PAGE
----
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JOE COLLEGE by Tom Perrotta Kirkus Star


by Tom Perrotta

Pub Date: Sept. 1st, 2000
ISBN: 0-312-26184-5
Publisher: St. Martin's

Another perfectly pitched, subversively hilarious chronicle of prolonged adolescence from the author of, most recently, Election (1998).

If Salinger’s Holden Caulfield had hit the books a bit more assiduously, and gotten out more, he might have turned into this story’s engaging (if not fully engaged) narrator and protagonist Danny: an overachieving Italian-American kid from (Perrotta’s chosen fictional turf) suburban New Jersey who finds himself at Yale as a junior English major, mired in the tricky coils of encroaching adulthood, five-alarm sexual confusion, and George Eliot’s demandingly mandarin Middlemarch. Danny’s blithe, slightly aslant wisecracking sensibility is evoked in dozens of subtly rib-tickling one-liners (he recalls an anticipated sexual conquest thusly: “I remember feeling like Wordsworth on the verge of a sublime experience”). Perrotta’s episodic plot veers amiably among Danny’s politely wary relationships with his several dorm-mates (the most memorable of whom, the unfocussed Max, is “studying” the lives of presidential assassins); the girl he left back home, who shows up with a surprise announcement (the expected one, and no surprise to the reader); and the goonlike “Lunch Monsters,” who not-so-subtly suggest that his father’s lunch-truck (the “Roach Coach,” which Danny mans during vacation breaks and summers) pull out of “their” territory. It all zips along in ineffably reader-friendly fashion, rising to splendid comic heights in such neat sequences as a wild campus party (where revelers are “getting down with the grim determination of pioneers”), a remembered high-school encounter with the dreaded bully known as “Psycho Midget,” and the marvelous finale, in which varied promising and doom-laden intimations of Danny’s uncertain future are deftly incarnated.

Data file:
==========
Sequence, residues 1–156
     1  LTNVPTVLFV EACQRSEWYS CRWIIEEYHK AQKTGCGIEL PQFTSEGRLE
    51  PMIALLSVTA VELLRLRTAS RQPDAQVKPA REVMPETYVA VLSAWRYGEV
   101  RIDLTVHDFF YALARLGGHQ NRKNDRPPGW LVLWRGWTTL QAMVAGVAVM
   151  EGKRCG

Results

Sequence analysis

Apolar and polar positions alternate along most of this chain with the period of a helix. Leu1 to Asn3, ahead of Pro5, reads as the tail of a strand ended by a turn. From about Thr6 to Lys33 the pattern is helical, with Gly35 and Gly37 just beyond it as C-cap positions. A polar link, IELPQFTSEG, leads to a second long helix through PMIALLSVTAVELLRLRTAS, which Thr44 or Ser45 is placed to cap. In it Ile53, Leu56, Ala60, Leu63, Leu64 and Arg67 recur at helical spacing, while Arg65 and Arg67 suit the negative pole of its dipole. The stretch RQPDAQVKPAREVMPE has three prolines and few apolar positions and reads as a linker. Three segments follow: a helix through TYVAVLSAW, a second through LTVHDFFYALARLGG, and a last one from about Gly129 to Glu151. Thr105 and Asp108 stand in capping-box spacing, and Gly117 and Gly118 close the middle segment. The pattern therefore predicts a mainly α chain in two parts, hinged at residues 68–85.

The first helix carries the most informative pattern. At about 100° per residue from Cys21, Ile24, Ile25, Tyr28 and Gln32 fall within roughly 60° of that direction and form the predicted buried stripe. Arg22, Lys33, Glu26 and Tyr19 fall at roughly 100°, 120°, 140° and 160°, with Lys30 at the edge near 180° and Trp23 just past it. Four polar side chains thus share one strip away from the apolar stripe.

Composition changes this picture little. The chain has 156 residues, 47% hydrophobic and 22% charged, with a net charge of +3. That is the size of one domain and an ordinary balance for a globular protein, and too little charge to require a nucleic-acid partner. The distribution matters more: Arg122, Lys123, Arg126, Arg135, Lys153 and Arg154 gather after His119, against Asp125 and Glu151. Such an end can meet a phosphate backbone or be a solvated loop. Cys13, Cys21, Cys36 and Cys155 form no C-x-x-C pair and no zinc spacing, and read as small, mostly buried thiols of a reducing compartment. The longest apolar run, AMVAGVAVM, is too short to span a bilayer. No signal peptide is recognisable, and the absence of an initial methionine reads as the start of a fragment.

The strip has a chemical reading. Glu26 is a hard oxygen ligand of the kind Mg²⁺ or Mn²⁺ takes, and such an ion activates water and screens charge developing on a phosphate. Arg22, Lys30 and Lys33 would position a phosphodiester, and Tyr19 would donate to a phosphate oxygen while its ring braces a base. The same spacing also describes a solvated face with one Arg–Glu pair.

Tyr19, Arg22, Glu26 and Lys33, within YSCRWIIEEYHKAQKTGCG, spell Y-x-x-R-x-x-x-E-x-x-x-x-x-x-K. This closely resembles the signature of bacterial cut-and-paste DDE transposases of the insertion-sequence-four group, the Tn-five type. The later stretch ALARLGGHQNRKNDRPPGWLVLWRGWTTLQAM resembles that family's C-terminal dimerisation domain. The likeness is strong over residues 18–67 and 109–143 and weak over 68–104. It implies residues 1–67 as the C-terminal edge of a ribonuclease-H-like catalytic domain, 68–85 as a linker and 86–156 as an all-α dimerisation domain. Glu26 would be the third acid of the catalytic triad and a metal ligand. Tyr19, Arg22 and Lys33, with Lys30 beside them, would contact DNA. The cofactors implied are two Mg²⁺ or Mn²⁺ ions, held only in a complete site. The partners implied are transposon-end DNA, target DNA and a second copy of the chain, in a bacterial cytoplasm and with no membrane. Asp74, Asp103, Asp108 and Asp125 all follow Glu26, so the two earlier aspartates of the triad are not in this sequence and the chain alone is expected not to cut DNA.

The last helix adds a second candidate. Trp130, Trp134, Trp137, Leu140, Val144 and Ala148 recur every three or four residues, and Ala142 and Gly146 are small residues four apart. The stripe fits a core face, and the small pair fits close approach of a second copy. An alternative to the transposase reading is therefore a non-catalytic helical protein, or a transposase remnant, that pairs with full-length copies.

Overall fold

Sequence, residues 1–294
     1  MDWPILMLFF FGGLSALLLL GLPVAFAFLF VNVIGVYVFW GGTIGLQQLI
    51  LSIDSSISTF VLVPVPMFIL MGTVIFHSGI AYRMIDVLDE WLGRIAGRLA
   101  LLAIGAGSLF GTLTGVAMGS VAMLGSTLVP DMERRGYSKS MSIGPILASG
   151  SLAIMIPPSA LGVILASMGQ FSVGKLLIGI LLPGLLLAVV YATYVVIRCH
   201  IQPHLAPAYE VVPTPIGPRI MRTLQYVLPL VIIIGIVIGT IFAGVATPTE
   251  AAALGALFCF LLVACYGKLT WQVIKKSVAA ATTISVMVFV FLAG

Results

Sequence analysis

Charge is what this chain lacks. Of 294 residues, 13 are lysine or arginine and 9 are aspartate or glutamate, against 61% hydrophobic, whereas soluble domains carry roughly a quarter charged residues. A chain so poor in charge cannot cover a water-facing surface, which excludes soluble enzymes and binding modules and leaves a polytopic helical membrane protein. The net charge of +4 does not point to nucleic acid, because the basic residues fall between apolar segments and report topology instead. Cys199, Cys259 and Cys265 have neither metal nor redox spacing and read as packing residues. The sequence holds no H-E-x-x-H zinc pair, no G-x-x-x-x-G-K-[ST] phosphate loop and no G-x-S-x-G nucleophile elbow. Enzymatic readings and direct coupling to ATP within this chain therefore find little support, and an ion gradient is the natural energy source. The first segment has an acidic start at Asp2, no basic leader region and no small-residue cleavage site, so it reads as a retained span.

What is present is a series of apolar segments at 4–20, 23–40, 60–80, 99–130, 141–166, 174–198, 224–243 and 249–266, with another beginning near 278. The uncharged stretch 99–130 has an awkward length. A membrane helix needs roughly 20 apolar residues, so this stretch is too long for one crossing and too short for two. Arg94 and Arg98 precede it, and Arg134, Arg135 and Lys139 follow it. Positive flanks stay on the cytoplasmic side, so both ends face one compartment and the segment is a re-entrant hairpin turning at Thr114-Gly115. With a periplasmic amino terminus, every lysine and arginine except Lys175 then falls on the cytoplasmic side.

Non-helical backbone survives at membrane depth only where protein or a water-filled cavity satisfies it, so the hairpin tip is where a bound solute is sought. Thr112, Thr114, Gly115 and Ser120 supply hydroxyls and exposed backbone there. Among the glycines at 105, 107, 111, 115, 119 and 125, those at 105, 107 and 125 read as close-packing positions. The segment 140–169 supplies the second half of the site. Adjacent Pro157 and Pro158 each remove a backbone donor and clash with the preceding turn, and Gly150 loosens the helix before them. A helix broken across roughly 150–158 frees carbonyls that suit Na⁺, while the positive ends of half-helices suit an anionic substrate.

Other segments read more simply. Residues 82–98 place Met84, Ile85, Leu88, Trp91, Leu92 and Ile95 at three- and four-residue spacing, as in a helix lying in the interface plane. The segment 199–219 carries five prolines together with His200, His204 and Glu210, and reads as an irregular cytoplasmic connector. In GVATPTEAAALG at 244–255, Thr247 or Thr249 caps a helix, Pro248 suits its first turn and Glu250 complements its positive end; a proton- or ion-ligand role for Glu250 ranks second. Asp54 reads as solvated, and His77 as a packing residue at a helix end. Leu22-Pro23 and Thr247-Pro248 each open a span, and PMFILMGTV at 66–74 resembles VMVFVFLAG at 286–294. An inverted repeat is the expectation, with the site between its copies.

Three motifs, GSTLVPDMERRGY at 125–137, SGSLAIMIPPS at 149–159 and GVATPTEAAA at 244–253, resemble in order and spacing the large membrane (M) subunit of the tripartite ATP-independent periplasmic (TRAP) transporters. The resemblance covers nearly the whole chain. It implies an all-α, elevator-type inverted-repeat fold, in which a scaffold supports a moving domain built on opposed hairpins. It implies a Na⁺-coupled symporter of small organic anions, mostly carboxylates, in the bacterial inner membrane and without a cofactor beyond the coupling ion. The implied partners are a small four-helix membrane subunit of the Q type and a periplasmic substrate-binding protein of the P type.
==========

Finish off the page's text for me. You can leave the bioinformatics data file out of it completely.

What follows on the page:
No other contemporary novelist offers such a beguiling take on the evasive-action tactics of horny, good-natured, small-town Peter Pans who, whether they realize it or not, really don’t want to ever grow up. Joe College almost makes you wish you could relive the whole godawful mess all over again.